October 2006 Entries

HDC Presentation

 

Tim and I just finished out presentation on Model View Presenter in ASP.NET 2.0 this afternoon which we followed up by doing a podcast for PodcastStudio.net with Jeff Julian and Dru Sellers. Overall I was very pleased with the presentation, we had one issue with a live demo, but since when do demos work in front of 150 people? For anyone interested, the code is available on svn here.

Drawing the line

 

Ted Neward recently commented about a comment that Scott Hanselman made during the patterns & practices Summit. Scott said that his company Corillian had built an abstraction layer atop of log4net. From Ted's perspective, the Java world has been dealing with too many layers of abstraction for the last decade they are paying the price for it (agreed). Ted also brings up YAGNI, suggesting that layers are added without an existing need.

In my opinion they are both right (way to take sides huh?) Java is attempting to dig itself out of a hole, an example of this are the changes made to EJB 3.0 compared to EJB 2.1, take a look. However there are valid reasons to build abstraction layers, even if it's only a layer onto of logging. What are those reasons and when is it valid is where the gray area comes into play. You see it all depends, but I think you can break it down to the relative concern you have with your application or SDK (in Scott's example) relying on external dependencies. As we introduce dependencies we become slightly more reliant on the versioning and support of said dependency. While taking on dependencies that are open source may mitigate some of this risk as we may have access to the source code, it is something we need to take into account.

We all know that Microsoft likes to change their data access libraries every 5 to 10 years, so if you are building a product that is intended to transcend that margin, an abstraction might just very well be a good choice. If you look internally to Microsoft, as Joel stated, the Excel team uses their own C compiler to mitigate risk and eliminate dependencies. I applaud Scott for the long-term vision of the Corillian product.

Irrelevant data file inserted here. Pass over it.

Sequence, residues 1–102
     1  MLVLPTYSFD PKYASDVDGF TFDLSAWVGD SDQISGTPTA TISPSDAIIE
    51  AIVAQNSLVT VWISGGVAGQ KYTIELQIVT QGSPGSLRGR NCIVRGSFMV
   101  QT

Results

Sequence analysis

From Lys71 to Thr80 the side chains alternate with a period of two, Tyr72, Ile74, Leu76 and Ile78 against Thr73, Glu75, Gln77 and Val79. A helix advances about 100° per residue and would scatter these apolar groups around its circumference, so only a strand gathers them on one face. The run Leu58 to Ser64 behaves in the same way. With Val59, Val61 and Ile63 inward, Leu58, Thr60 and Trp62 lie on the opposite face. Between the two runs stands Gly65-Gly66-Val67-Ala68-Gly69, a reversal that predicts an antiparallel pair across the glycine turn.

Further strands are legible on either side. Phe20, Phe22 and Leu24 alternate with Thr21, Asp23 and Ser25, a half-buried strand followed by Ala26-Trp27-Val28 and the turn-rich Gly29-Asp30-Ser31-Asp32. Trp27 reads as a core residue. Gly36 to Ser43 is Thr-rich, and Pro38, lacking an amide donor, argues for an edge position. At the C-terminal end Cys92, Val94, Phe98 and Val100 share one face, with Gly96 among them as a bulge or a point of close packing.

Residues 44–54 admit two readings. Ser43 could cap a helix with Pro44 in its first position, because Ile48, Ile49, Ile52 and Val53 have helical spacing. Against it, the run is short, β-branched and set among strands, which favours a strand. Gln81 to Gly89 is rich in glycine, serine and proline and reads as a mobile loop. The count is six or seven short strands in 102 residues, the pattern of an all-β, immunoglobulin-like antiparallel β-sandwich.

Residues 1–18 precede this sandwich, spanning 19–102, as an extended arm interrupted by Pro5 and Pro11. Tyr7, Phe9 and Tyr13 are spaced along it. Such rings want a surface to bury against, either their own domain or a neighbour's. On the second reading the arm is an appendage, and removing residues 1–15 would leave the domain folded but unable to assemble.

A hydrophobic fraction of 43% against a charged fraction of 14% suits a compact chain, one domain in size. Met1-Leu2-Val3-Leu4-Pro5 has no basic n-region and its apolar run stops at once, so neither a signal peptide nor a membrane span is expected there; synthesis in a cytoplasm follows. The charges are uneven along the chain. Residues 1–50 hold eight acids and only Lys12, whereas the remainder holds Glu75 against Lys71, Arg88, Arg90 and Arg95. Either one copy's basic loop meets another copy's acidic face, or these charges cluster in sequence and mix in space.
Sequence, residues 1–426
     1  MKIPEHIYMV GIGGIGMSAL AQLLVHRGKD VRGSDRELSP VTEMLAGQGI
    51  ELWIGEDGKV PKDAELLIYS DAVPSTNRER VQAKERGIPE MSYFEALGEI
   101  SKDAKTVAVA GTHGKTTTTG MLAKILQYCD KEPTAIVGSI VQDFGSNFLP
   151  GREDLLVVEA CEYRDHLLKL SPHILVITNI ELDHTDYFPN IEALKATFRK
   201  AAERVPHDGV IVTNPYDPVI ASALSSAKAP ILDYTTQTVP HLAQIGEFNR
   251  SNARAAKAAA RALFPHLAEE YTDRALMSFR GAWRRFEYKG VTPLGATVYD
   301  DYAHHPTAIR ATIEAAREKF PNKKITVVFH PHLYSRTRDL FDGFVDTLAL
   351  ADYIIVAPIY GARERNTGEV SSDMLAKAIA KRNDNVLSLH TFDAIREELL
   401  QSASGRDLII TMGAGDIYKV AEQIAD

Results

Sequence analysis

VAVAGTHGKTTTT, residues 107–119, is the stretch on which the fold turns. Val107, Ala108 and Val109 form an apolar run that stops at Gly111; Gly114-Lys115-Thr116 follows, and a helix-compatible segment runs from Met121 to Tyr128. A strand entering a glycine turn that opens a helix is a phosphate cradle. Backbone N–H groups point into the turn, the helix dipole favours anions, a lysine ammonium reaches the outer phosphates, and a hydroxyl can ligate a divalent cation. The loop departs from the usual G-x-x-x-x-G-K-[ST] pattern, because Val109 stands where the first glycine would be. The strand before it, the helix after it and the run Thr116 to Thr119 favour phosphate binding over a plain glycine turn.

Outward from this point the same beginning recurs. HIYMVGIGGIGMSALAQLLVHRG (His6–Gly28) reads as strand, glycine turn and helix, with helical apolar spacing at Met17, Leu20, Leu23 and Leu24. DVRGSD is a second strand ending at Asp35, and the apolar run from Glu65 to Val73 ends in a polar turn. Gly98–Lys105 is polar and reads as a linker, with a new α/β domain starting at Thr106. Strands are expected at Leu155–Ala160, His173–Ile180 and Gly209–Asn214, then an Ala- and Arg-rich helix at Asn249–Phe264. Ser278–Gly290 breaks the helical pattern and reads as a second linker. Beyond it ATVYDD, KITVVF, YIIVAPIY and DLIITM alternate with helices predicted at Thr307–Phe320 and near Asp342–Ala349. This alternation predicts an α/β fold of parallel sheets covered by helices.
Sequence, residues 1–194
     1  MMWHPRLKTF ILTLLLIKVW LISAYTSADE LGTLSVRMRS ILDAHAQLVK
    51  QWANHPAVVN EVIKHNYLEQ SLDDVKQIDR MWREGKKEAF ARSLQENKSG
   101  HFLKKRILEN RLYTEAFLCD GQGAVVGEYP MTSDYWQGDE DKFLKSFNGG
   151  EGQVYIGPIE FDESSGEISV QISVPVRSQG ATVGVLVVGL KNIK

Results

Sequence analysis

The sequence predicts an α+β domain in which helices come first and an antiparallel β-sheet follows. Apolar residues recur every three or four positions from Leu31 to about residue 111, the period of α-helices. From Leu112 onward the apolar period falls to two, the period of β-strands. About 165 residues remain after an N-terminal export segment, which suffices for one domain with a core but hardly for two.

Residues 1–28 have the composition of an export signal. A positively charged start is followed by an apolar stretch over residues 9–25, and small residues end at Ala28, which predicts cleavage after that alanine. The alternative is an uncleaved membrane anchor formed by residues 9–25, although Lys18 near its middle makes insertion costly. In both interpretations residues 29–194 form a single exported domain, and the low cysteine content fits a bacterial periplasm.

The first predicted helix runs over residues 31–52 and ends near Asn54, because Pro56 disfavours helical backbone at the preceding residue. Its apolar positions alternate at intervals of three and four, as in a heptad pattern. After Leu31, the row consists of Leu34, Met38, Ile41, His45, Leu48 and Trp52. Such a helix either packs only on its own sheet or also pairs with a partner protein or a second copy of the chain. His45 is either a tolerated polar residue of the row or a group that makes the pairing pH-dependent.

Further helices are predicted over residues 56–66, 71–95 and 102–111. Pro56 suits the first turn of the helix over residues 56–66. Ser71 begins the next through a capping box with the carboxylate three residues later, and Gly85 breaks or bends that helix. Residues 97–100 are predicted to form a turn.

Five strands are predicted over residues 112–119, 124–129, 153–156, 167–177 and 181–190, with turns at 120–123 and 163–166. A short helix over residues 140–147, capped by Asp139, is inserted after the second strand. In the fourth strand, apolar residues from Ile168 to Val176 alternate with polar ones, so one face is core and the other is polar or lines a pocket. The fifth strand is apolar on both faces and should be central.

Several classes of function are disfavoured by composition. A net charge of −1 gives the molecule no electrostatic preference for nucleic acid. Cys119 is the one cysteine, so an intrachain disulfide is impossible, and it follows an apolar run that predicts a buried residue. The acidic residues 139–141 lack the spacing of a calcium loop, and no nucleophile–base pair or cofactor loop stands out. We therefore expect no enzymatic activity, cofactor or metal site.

Windows Installer Issues

 

This morning I ran into an issue where I couldn't remove a Windows Service from my development machine from ARP (Add/Remove Programs). It would exit with an error. After manually removing the executable and associated files (don't do this) and removing the entry from
"HKEY_LOCAL_MACHINE\SOFTWARE
\Microsoft\Windows\CurrentVersion\Uninstall", I thought I was in the clear (again don't do this). Not so quick, the item I thought I had removed continued to show up under ARP, this time without the Repair or Remove buttons. After talking to Heath, the suggestion was to run msiexec /fvomus {productcode}, the {productcode} can be found in the Property table within the msi. You can view this within Orca the database table editor for Windows installer packages and merge modules. But wait, because I had rebuilt the msi with changes, the {productcode} entry was different so this option wouldn't work for me either, running the above command gives an error message stating the current msi doesn't match what is installed due to productcode differences.

Heath then suggested using msizap and locating the old product code, but since I no longer had the original .msi, well, I think you can see where this leaves us. The solution I found was a knowledge base article here which not only includes msizap but a nice UI for the tool which lists all installed products and allows you to uninstall from there - highly valuable. Always remember to backup your .msi's incase you need them in the future.

Heartland Developers Conference

 

The 3rd annual Heartland Developers Conference will be October 26th and 27th in Omaha, NE. HDC has just sold out with over 500 attendees expected! Tim Gifford and I will be presenting on the Model View Presenter pattern within ASP.NET 2.0. It appears that Kent Tegels is presenting at the same time. He is covering the new Entity Data Framework which sounds intriguing. For those that are curious, we will be using NHibernate for our data persistence tool during the presentation. :-) Let me know if you'll be out there the night before for the party.